3Com's Second Wave Switch
The venerable networking company is offering a new box called the "Unified Gigabit Wireless POE Switch 24" that has a wired Gigabit Ethernet port and can manage and power up to 24 access points and offers features such as VOIP support and virtual LANs (VLANs) for separate guest access. 3Com says the box will cost $2,750 and be available later this month.
The firm says the appliance is aimed at the small and medium business market. It appears at a time when the concept of a unified wired and wireless switch seems to be re-emerging across enterprises large and small. (See Unified Switches: Get Ready.)
This is hardly the first time that the idea has been aired by vendors in the WiFi market.
Cisco Systems Inc. (Nasdaq: CSCO) has talked up the possibilities of convergence between wired and wireless traffic on a network since it unveiled its first -- massive -- WiFi switch product, the Wireless LAN Services Module (WLSM), back in May 2004. (See Cisco Switches On.) The switch was too large-scale for many users to consider using it for WiFi at that point, and so Cisco ended up buying Airespace in January 2005, in part to support smaller installations. (See Cisco Buys Airespace.)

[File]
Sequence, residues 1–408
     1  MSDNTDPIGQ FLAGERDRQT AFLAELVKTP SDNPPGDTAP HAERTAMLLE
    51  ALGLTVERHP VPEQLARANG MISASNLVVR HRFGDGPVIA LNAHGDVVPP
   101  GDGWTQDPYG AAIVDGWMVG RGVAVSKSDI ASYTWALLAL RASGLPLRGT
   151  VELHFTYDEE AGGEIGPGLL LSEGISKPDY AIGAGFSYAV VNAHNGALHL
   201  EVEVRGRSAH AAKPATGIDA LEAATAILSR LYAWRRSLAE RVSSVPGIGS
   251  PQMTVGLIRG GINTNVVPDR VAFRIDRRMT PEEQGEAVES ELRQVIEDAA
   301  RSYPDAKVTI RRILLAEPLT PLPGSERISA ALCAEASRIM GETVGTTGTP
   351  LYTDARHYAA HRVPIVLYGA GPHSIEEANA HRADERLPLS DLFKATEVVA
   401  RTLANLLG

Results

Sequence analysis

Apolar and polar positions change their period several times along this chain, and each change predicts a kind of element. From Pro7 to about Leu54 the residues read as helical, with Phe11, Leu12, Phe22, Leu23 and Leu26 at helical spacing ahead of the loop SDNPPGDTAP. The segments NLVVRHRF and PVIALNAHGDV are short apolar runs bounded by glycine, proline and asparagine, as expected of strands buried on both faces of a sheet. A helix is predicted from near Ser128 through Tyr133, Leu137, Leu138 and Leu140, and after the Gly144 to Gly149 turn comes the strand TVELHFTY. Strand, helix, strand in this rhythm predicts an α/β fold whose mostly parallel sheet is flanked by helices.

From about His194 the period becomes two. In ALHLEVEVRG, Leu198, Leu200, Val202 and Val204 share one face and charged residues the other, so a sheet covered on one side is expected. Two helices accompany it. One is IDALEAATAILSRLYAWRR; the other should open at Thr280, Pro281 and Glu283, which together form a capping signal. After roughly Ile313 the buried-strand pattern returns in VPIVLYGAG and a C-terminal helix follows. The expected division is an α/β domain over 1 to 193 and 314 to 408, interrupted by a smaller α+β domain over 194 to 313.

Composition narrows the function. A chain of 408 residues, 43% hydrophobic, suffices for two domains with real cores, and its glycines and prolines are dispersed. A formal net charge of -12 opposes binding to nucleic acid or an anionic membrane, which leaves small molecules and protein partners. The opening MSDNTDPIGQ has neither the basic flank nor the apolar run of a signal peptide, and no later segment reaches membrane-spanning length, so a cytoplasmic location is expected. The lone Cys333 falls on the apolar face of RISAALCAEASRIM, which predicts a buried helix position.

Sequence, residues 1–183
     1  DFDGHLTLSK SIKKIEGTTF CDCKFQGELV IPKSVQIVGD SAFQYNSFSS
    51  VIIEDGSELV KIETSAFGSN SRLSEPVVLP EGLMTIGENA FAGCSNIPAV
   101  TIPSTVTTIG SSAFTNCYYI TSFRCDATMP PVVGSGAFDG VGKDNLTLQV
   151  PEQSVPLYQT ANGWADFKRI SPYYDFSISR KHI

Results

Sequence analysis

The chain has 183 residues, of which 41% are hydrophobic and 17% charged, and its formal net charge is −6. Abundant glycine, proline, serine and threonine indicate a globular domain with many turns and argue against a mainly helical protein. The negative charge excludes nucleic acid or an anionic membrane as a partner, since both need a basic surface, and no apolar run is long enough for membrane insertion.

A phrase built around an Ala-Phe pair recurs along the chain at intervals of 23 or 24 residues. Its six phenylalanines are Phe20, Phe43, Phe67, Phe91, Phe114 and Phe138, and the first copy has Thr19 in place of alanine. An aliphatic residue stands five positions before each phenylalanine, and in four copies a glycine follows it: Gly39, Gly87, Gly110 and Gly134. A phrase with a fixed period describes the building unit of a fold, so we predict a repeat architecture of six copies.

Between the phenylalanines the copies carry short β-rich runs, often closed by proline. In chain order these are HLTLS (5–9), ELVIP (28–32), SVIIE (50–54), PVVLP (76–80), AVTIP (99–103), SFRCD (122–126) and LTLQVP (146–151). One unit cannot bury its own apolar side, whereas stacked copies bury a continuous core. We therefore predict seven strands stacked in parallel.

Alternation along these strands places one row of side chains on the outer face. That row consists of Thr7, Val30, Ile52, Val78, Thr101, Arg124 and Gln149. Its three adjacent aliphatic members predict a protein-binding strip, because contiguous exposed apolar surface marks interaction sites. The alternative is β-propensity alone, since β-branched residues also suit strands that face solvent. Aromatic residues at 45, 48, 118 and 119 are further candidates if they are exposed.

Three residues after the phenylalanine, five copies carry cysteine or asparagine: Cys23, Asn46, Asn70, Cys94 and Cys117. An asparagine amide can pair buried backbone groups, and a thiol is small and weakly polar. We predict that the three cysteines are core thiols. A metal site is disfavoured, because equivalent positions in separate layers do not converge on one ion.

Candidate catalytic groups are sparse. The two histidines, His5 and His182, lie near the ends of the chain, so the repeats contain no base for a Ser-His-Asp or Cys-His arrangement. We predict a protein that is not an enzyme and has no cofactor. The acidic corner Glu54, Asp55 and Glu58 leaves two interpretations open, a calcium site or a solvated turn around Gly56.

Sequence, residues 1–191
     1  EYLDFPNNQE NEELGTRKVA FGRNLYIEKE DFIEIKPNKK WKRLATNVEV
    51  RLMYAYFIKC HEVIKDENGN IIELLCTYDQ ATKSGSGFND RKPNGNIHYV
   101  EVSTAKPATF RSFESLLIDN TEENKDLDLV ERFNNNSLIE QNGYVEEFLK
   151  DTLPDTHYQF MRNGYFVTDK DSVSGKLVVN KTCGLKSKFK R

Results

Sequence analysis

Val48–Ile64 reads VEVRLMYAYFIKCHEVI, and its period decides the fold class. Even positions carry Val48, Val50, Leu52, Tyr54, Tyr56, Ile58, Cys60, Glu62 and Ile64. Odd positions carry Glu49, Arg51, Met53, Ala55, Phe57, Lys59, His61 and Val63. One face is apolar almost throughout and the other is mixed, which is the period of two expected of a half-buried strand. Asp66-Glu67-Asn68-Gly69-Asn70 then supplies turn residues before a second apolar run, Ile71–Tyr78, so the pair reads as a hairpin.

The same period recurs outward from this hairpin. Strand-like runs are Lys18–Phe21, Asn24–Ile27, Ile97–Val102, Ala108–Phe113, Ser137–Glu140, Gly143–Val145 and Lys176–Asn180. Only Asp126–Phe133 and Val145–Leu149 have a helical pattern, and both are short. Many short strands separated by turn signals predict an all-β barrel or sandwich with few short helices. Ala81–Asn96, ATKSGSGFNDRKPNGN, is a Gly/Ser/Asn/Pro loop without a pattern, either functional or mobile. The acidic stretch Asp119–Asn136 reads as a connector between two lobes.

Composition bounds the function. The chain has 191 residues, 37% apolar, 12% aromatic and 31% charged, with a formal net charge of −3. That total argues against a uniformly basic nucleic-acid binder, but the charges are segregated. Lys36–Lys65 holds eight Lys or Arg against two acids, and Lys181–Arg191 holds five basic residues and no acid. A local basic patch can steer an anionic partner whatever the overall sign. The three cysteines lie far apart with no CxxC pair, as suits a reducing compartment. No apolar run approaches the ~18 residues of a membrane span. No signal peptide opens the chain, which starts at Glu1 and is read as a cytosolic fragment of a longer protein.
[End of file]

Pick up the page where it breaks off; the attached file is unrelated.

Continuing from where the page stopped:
The networking giant, however, has never stopped talking about unified networking as part of its WiFi strategy. These days the revamped Catalyst 3750G rack switches are part of the firm's push in that direction.
The idea of combining wired and wireless networking on a switch was also attractive to many of Cisco's wireline rivals -- notably Extreme Networks Inc. (Nasdaq: EXTR), which came out swinging in April 2003 with a line of unified products that it reckoned would do away with the startups in the switch field. (See So Extremely Sorry, Startups.) This was not to be, and the firm ended up launching a second line of products in June 2005. (See Extreme's Second Wind .) In the event, the idea of unifying networks turned out not to be compelling enough to convince users to buy. So vendors are tending to concentrate on pushing the applications that can be enabled by bringing wired and wireless together with this latest wave of products.
These can be as simple as running wired and wireless for an office via one box, or take in more ambitious applications, such as unified security and enterprise-wide VOIP.
— Dan Jones, Site Editor, Unstrung